I finally found an acceptable solution by using a combination of SPARK (for grammar parsing / syntactic analysis) and my own code for autocompletion.
SPARK stands for the Scanning, Parsing, and Rewriting Kit. It formerly
had no name, and was referred to as the "little language framework."
The first version (circa 1998) was described in the paper Compiling
Little Languages in Python at the 7th International Python Conference.
SPARK is written in 100% pure Python, and is made available as open
The autocompletion code
In the following code:
category is the kind of word we are autocompleting. This is obtained by parsing the current command line. For example: if the user is typing "drink m", the parser will know to expect a word in the category "liquids" defined in the grammar.
- The user input is stored in a list (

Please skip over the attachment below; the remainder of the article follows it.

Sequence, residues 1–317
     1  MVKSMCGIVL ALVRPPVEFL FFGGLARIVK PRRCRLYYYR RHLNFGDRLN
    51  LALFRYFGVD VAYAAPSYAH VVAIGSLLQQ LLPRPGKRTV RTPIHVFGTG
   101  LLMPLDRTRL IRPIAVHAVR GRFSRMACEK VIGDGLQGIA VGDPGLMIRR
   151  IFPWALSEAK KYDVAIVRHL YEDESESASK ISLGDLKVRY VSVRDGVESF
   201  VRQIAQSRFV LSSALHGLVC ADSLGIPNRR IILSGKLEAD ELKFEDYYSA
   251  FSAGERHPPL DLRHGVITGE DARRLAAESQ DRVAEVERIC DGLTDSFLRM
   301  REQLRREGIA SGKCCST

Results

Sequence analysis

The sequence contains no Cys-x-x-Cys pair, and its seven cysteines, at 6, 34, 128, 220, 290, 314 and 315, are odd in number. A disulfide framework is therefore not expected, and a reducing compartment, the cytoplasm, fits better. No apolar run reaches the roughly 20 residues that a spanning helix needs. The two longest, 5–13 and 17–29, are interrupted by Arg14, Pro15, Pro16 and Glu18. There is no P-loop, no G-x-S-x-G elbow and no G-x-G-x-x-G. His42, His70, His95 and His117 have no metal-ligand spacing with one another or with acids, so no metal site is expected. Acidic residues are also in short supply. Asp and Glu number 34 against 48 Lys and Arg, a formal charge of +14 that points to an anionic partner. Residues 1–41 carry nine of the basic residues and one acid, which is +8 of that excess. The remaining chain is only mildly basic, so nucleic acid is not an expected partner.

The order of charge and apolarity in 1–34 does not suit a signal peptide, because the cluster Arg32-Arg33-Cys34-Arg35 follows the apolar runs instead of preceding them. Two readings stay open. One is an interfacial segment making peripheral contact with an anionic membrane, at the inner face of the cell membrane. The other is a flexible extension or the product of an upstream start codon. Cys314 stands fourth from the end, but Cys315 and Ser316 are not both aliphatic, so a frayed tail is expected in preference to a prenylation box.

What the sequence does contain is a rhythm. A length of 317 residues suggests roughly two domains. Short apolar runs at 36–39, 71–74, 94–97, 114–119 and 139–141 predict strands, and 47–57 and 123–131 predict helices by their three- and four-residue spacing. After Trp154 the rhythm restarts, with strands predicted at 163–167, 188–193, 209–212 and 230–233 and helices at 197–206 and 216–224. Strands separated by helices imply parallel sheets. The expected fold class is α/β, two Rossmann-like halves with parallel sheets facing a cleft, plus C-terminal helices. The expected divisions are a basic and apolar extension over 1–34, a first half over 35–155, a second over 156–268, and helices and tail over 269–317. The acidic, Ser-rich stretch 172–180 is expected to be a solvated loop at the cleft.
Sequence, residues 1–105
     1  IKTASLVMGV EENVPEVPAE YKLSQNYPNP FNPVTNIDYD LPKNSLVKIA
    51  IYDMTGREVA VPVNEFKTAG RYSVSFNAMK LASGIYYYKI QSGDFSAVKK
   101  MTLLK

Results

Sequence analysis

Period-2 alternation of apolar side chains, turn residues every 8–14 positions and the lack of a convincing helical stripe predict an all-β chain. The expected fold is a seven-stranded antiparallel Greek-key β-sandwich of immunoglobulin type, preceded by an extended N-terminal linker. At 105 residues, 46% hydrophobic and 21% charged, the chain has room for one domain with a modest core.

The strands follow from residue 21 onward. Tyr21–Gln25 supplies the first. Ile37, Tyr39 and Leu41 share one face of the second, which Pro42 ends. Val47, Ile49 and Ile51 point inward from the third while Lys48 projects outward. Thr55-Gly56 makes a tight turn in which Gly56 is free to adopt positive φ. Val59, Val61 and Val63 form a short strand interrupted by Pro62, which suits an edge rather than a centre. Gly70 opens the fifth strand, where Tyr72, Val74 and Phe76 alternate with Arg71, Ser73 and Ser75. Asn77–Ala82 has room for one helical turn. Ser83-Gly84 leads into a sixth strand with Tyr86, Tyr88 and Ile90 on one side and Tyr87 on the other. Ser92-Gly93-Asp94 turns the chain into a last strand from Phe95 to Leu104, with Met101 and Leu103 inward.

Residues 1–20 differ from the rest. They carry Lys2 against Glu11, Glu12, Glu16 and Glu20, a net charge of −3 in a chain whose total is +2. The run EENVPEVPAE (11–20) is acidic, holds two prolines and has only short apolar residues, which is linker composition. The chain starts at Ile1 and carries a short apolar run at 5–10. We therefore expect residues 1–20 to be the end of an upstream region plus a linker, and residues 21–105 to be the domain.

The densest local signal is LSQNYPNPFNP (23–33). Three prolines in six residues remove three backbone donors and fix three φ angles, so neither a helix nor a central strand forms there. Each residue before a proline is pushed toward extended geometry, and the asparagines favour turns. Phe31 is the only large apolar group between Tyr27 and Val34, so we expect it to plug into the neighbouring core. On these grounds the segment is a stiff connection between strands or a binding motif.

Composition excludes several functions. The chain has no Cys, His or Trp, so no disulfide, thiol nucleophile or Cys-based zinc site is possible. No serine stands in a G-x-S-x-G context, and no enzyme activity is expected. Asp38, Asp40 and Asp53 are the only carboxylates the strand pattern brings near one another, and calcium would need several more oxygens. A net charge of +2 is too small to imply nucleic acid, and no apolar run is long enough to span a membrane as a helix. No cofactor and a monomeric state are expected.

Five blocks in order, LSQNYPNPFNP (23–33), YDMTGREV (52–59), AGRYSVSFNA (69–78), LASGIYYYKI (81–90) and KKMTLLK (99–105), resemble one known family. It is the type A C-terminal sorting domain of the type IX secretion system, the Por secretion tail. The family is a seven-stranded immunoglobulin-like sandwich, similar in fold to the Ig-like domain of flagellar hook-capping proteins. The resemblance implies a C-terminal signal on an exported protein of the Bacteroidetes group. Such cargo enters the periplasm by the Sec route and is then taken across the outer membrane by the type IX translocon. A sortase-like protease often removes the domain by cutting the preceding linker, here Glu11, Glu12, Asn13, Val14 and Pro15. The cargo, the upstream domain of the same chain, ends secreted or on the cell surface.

_get_list_of_existing() returns a list of existing words in a given category
_get_common_beginning() return - if available - the longest initial supersequence for multiple matches. For example if the user input is writing "ma" and possible autocompletion words are [magnolia, magnifying glass] the
_get_common_beginning() will return "magn".
Here's the relevant code snippets:
def autocomplete(self, category):
If possible, autocomplete a word according to its category.
root = ''.join(self.chars).split()[-1] #The bit after the last space
pool = self._get_list_of_existing(category)
matches = [i for i in pool if i.find(root) == 0]
if len(matches) == 1:
match = matches+' '
elif len(matches) > 1:
match = self._get_common_beginning(matches)
def _get_common_beginning(self, strings):
Return the strings that is common to the beginning of each string in
the strings list.
result = 
limit = min([len(s) for s in strings])
for i in range(limit):
chs = set([s[i] for s in strings])
if len(chs) == 1: